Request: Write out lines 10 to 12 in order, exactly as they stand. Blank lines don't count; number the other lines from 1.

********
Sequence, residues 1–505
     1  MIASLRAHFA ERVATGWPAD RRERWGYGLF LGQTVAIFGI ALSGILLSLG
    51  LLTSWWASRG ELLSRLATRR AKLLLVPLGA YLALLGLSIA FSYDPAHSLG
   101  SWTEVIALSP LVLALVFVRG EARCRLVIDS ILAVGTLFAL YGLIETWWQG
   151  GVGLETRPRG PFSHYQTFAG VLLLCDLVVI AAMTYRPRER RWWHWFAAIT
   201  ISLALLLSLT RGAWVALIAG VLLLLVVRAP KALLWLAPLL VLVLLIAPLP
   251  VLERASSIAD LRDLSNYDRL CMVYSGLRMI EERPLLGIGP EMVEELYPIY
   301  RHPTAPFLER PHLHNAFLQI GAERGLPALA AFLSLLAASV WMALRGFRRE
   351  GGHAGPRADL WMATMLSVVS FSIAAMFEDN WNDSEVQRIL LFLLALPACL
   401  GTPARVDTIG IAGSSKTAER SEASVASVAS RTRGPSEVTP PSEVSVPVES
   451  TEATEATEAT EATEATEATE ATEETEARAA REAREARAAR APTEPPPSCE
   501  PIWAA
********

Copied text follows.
   401  GTPARVDTIG IAGSSKTAER SEASVASVAS RTRGPSEVTP PSEVSVPVES
   451  TEATEATEAT EATEATEATE ATEETEARAA REAREARAAR APTEPPPSCE
   501  PIWAA